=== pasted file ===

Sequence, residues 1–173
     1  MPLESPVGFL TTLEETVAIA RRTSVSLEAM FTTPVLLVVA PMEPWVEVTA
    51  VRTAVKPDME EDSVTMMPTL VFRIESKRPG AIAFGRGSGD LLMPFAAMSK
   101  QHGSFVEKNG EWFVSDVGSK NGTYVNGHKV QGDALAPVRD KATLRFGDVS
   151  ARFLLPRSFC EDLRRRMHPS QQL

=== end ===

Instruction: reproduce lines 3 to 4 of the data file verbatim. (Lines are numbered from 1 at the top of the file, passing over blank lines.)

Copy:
    51  VRTAVKPDME EDSVTMMPTL VFRIESKRPG AIAFGRGSGD LLMPFAAMSK
   101  QHGSFVEKNG EWFVSDVGSK NGTYVNGHKV QGDALAPVRD KATLRFGDVS